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You’re Breaking My Heart

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When my wife, Mary, was four years old, her father left his home—and his marriage—to seek love in the arms of another woman. He broke the heart of his little girl.

My father-in-law died a few years ago, but sometimes I still get angry at the pain he inflicted on my wife and her family. I wonder how he could be so selfish as to choose forbidden pleasure above his own family’s welfare. I wonder how he could insist on his own way even when it meant devastation for those he professed to love. It just doesn’t make sense. And then God reminds me of how I sometimes treat Him.

Sin is ugly. It devastates the One I profess to love. It absolutely breaks the heart of Him who gave His life for me. When I insist on my own way, I am no different from my father-in-law. Believers who choose to disobey have been “. . . unfaithful to their God” (Hos. 4:12).

Make no mistake. Our sin is first of all against Him (Gen. 39:9). In a real way, our sin is a failure to love the Lord and the people around us. No matter how many good things we do, if we fail to love the Lord, we fail supremely. So it’s appropriate that one of our core values in the C&MA is this: nowing and obeying God’s Word is fundamental to all true success.

You know the story of Hosea. He doesn’t just tell us what happens when you break the heart of God; he shows us. In a stunning illustration, God tells Hosea to marry a prostitute. Hosea is devastated when his wife leaves him and their children for other men.

Implicit in this story is God’s view of our relationship with Him, which many times, in both the Old and New Testaments, He compares to marriage. In Isaiah 62:5 the Lord says, “As a bridegroom rejoices over his bride, so will your God rejoice over you.” In Ephesians 5:25, he tells husbands, “Love your wives, just as [I] loved the church.”

When I publicly profess my commitment to Him in baptism, it’s like standing in front of family and friends at a wedding and saying to God, “I do.” We’re entering into a covenant with Him, for as long as we both shall live. He loves us, and He asks for our love—and obedience—in return.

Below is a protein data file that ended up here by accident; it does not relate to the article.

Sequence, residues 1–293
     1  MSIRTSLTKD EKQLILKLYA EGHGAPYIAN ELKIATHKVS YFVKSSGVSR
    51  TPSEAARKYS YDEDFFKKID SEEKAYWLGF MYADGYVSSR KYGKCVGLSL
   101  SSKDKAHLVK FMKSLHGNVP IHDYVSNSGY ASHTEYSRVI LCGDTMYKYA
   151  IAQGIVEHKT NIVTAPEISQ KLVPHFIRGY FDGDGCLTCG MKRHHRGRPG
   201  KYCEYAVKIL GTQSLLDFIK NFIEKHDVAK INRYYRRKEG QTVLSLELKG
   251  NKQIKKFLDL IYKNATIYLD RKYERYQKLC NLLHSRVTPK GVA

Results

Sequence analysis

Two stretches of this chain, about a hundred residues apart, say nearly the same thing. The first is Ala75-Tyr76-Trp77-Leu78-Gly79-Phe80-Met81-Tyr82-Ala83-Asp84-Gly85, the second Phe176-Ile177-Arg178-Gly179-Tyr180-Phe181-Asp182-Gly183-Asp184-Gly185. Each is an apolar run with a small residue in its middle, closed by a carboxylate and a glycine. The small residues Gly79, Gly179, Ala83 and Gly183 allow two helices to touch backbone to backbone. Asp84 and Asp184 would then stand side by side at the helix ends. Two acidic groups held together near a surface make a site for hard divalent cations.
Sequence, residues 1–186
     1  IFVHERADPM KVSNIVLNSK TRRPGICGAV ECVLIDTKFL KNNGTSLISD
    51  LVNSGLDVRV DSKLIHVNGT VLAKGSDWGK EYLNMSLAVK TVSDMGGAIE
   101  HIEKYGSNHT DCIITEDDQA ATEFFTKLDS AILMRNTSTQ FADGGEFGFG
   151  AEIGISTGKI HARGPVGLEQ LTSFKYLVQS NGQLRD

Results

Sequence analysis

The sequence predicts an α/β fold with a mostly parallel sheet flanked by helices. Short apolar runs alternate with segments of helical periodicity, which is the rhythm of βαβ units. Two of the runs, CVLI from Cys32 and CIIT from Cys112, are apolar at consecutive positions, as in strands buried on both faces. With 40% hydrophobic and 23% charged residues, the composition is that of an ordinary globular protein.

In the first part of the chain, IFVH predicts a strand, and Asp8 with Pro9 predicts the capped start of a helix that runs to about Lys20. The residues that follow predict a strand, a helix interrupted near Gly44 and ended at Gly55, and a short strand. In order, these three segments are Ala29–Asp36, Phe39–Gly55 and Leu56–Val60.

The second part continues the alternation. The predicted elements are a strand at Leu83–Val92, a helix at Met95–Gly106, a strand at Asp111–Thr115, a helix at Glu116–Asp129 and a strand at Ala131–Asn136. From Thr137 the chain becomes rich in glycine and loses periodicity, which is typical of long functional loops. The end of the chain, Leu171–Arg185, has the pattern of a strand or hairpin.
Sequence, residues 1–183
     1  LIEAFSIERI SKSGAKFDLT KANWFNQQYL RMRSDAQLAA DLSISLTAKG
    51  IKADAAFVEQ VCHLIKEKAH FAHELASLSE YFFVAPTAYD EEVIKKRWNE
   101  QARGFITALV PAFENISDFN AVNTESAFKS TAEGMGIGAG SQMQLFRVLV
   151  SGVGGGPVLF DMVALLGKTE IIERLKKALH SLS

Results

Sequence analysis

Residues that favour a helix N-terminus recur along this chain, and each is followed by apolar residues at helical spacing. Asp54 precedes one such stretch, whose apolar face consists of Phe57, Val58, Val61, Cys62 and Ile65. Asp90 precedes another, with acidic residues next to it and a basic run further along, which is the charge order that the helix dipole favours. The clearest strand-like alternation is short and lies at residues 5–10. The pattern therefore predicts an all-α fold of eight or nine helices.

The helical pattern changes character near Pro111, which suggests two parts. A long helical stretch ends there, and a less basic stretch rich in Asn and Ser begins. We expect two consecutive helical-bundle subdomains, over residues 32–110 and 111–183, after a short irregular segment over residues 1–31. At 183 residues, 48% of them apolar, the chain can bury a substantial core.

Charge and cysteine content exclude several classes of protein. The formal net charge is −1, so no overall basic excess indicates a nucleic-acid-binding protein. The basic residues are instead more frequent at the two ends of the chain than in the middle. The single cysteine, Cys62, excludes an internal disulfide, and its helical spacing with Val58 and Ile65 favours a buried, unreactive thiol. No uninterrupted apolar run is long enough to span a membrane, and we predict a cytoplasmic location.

Here’s what we learn from Hosea. When we allow sin to fester in our lives, we commit spiritual adultery against God. Through Gomer and Hosea, He wants to make it crystal clear that when we sin against Him, we break His heart. God doesn’t respond like a calloused police officer scribbling a ticket. He doesn’t view our disobedience with the detachment of an anthropologist. He does not study our case like a judge. Instead, He is grieved as much as a spouse who is cheated on.

In adultery, affection never belongs solely to one person; it has to be shared. Suppose a guy says to his wife, “Honey, here’s the deal. I still want a relationship with you, I really do. It’s just that I also consider this other person very important in my life. You can handle that, can’t you?” Aren’t there times we try to do that with God? I want to follow You, I really do, we pray. But there’s just this one area I need to hang onto for a bit longer.

And how does God feel? In James 4:4 we read: “You adulterous people, don’t you know that friendship with the world is hatred toward God?” That’s why you could say that love is the root of obedience. If I sing on Sunday morning, “Lord, I love you,” and on Monday morning I lose my cool again with a colleague or take a peek at a porn site or fudge a little to make a sale—or I stand silent when the Lord prompts me to reach out to someone—do I really love Him?

Jesus said to his closest followers, just before His crucifixion, “If anyone loves me, he will obey my teaching. My Father will love him, and we will come to him and make our home with him” (John14:23). And then He says, “He who does not love me will not obey my teaching” (v. 24). When I choose to sin instead of doing what pleases Him, it’s a failure to love. And I break the heart of God.

Is there an area where we’re breaking His heart? What decisions or commitment to obedience would we make right now if we were determined not to make Him share the affection that He alone deserves? For His sake, will you choose to obey today?

When we determine to follow His Word, we find He’s been waiting for us like the father of the prodigal—eyes looking toward the horizon, heart leaping when he sees his long-lost son coming home, arms wrapping that dear one in embrace (Luke 15).

He’s waiting with open arms—for you.

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